Author Topic: Pelosi Introduces Legislation That Will Force States to Allow Convicted Felons to Vote  (Read 989 times)

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Online rangerrebew

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Pelosi Introduces Legislation That Will Force States to Allow Convicted Felons to Vote

(CNSNews.com) - House Speaker Nancy Pelosi (D.-Calif.) introduced the first piece of legislation [1] for the newly convened 116th Congress and it is a political reform bill that includes a provision that would force states to allow convicted felons to vote as long as they were no longer actually in prison.

“H.R. 1 will create automatic voter registration across the country; ensure that individuals who have completed felony sentences have their full rights restored; expand early voting and simplify absentee voting; and modernize the U.S. voting system,” says a summary of the bill released by Pelosi [2].

 
Source URL: https://www.cnsnews.com/news/article/cnsnewscom-staff/pelosi-introduces-legislation-will-force-states-allow-convicted-felons
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Offline verga

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Keep your eye on the left hand while she is waving the right hand around, she is up to something.
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Offline Emjay

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Keep your eye on the left hand while she is waving the right hand around, she is up to something.

Why would Pelosi bring up an issue that would be unpopular with most of the public.  Convicted felons lose a lot of rights and one of them is the right to vote.  That is a good thing.
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Offline BassWrangler

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Why would Pelosi bring up an issue that would be unpopular with most of the public.  Convicted felons lose a lot of rights and one of them is the right to vote.  That is a good thing.

I used to think this too, but I am concerned it could become a way for a malicious government to disenfranchise large segments of the population.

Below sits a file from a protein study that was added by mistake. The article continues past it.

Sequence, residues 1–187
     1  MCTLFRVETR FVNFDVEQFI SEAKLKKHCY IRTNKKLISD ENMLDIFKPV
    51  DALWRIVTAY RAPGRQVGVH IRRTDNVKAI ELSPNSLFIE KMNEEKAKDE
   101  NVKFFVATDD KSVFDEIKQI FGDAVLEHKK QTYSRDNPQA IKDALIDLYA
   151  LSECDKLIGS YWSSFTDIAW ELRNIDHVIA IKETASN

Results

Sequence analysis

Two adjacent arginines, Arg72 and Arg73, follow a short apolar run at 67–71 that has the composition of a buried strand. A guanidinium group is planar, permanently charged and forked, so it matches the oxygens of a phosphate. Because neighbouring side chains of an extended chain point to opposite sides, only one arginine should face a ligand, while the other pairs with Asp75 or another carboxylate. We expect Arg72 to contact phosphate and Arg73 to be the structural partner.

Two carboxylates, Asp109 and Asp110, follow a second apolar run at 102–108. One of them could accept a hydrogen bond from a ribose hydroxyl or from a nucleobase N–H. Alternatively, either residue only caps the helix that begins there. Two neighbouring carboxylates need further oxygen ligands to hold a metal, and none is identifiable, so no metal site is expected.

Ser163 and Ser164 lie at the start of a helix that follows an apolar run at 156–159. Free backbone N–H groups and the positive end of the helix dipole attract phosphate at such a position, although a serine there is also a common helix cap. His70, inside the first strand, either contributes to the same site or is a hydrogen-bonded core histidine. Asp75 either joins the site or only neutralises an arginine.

For example, imagine if your state legislature passed a bill infringing on 2A rights, so much so that many firearm owners just disobey it. Then the state enforces this law and these gun owners become convicted felons. Because it would be impractical to arrest and jail all these people, their sentence might be something light, like a fine, but they also lose their ability to vote.
« Last Edit: January 07, 2019, 02:53:49 PM by BassWrangler »

Online XenaLee

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I used to think this too, but I am concerned it could become a way for a malicious government to disenfranchise large segments of the population.

 For example, imagine if the your state legislature passed a bill infirgining on 2A rights, so much so that many firearm owners just disobeyed it. Then they enforced this law and most gun owners in this state became convicted felons. Because it would be impractical to arrest and jail these people, their sentence might be something light, like a fine, but they also lose their ability to vote.

Yeah, but.... the leftists could have done that already under Obama.  They didn't because of the obvious reason.  We (their opposition) are very well armed and equipped to resist them (and pissed off just enough to start a revolution if they tried to pull something like that). 

Besides... becoming a "convicted felon" would take time, court costs and taxpayer money (lots of it) for them to convict all gun owners who disobeyed an unconstitutional law.  I really don't think that even the rabid leftists dare go that far.
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Yesterday I approached a table with a petition to our newly elected democrat House Rep, supporting this HR # 1, bill.